It’s easy to get caught up in impulse buying of items on Amazon or from social media ads, for example. But is this stuff truly benefitting our daily lives? Are these items bringing us joy and supplementing us on a deeper level?
I recently talked with a parent about their experience taking their child to the mall. The excitement the child felt for all the toy displays in the windows was overwhelming. This child was fascinated and immediately wanted to purchase everything around them. The parent immediately knew that all of these small items were garbage that wouldn’t actually be loved or enjoyed by their child beyond the initial purchase.
As a parent, it can be difficult to resist providing your begging child with all of their desires, but there is a lesson to be learned in these instances. This is a great opportunity to educate our children about the thought process that should go into each purchase they make. And it’s worth keeping in mind for you too. It’s how we stop buying stupid stuff we may regret later.
We should teach children to ponder the reason they want to buy things. Ask them: Is it your awesome stuff? Will this item bring you joy in the future? Or is there a chance you’ll get bored of it in a day or so and the item will be thrown into a pile and forgotten?
Let them make the decision. Try not to force your opinion on them. This can be hard, but understanding your Awesome Stuff is a personal decision and is not going to be the same for everyone. So instead of pushing your own personal opinion (and your own personal Awesome Stuff), teach them to reflect on how they feel right after buying, a day after buying, a month after buying. Was it worth it to them?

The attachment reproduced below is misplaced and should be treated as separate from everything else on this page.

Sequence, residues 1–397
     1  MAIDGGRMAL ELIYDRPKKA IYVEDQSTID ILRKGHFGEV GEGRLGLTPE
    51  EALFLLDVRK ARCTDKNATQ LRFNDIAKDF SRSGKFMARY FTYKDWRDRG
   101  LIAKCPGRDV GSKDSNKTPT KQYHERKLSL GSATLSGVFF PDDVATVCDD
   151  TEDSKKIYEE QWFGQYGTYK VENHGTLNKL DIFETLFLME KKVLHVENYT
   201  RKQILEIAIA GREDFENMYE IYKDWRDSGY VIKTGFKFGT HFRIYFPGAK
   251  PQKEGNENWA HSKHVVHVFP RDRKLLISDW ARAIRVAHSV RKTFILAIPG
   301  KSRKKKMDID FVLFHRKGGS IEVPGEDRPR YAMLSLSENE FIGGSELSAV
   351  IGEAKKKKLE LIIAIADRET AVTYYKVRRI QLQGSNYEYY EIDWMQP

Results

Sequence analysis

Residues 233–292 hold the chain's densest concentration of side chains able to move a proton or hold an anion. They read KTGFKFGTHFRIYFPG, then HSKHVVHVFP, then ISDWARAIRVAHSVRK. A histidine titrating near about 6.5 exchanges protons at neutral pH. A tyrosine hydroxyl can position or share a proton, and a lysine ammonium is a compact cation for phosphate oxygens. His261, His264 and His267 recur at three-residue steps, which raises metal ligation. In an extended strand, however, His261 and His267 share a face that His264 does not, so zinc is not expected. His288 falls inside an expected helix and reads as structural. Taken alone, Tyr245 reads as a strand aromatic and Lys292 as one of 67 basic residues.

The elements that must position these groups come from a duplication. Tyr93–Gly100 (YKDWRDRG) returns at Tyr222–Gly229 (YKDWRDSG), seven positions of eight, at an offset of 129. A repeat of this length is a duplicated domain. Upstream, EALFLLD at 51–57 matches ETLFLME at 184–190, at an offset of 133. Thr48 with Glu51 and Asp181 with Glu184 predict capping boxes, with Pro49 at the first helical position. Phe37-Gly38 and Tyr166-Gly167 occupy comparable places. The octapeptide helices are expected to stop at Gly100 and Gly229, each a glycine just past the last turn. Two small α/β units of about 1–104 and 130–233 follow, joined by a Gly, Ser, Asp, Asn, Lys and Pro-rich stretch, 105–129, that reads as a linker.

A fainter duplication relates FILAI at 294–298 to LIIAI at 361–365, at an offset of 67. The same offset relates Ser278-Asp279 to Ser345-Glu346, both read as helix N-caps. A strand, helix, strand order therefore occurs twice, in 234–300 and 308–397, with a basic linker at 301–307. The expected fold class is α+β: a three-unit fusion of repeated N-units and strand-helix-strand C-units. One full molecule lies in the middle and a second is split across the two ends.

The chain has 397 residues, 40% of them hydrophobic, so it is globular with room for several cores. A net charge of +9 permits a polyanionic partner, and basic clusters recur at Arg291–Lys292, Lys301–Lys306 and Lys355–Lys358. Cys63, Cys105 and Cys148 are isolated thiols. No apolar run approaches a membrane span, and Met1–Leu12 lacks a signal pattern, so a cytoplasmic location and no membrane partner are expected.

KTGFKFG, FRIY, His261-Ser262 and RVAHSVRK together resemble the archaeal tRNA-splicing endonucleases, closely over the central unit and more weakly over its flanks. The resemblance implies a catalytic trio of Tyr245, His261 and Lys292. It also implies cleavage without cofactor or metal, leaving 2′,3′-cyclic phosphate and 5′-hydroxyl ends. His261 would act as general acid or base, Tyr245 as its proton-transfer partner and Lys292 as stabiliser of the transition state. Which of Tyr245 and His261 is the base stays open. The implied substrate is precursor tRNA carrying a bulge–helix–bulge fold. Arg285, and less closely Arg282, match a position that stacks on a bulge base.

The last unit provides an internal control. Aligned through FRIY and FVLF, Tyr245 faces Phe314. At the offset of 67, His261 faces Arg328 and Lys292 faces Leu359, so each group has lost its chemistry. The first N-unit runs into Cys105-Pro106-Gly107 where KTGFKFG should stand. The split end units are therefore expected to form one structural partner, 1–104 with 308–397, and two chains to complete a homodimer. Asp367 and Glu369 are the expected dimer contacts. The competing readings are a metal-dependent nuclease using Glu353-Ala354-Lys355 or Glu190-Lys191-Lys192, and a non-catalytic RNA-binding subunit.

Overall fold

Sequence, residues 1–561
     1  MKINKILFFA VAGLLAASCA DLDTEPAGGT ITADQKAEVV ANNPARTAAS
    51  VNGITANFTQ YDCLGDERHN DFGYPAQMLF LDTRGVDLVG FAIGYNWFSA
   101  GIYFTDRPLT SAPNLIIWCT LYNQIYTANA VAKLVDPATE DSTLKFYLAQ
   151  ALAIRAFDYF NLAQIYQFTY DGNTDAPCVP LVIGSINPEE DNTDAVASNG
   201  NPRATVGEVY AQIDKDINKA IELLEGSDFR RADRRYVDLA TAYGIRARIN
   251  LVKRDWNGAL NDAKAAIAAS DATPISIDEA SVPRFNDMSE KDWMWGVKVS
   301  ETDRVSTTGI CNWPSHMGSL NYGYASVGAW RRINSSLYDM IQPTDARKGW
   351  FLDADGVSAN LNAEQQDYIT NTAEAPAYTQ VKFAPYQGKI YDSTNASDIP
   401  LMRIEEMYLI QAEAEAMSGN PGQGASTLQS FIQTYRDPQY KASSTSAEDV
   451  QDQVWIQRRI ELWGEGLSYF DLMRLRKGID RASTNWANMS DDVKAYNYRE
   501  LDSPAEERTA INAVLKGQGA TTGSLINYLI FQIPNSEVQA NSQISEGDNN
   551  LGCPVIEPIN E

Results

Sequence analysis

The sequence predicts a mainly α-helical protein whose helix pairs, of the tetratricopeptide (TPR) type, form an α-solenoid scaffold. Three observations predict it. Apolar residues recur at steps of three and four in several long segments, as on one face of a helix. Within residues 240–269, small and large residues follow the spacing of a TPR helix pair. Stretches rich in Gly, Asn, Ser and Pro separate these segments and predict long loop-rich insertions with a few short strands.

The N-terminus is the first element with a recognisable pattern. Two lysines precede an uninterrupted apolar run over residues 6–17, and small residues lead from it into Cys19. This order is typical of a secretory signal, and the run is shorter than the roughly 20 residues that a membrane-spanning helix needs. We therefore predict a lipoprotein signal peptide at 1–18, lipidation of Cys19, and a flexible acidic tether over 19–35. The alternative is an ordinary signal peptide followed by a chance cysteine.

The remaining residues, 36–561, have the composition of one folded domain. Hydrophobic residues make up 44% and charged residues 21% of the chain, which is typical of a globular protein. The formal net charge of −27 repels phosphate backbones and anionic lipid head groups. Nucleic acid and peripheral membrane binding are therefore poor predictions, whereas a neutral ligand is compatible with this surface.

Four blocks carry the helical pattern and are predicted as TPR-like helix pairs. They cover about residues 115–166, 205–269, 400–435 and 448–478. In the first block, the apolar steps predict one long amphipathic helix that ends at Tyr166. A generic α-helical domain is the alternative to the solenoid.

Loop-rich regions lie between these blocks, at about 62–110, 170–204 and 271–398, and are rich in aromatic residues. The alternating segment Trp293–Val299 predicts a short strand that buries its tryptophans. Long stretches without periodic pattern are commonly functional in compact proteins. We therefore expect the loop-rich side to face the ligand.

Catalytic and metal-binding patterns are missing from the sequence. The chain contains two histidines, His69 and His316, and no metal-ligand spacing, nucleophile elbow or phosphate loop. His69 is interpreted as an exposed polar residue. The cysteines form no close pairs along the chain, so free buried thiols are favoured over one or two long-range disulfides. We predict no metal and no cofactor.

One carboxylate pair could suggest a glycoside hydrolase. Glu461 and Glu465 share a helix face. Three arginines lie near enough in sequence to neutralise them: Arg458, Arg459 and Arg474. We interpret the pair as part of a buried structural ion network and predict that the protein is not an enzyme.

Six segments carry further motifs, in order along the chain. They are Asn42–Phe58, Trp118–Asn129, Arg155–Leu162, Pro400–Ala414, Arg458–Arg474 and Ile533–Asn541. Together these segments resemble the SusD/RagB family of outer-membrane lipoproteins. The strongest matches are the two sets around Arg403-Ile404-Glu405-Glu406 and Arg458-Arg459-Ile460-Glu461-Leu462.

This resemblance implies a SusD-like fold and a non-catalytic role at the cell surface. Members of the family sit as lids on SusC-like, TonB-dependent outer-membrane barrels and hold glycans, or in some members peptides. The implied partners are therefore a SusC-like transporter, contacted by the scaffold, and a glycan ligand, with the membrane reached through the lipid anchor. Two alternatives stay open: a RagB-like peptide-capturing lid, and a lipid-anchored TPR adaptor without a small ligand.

Even as adults, we see items we are infatuated with and modern technology makes it too easy for us to make quick purchases without a second thought. We really should take the time to think deeply about what we’re purchasing and why.
This is why I always go back to The Awesome Stuff. Determining what lights you up and sparks joy will help you to make better decisions on what you buy and what you hold off on. Will it make you feel good every time you use it, see it, or think about it? This is a practice that takes time, but will eventually become second nature.
Still allow yourself to buy the random stuff you get excited about. Once you make the purchase, take the time to think about if it was something that truly fulfilled you or not.
There is no right or wrong way to make a purchase. It’s not about the tangible stuff, it’s about how each purchase makes you feel.
Over time, you will know what excites you and what may have been a stupid purchase. You will condition your mind into reflecting on how each item makes you feel. Eventually, you will start easily resisting items that won’t bring you longer-term joy or fulfillment.
And the power in this mindset shift is that it’s not typical budgeting or saving where you feel lack or a feeling of doing without. You are choosing what really makes you happy. And understanding that most of our purchases won’t bring sustained joy. So rather than feeling poor and having less, you will ultimately feel richer and happier.
Oh, and understand that “stupid stuff” is also deeply personal. Try to release judgment of others based on the item(s) they buy. The thing itself is not what makes it a stupid purchase. It’s how it makes that person feel. It has nothing to do with the thing itself. And NOT judging the “things” people buy is just as important as being aware of what actually brings us joy. These small mindset changes will help all of us live richer lives.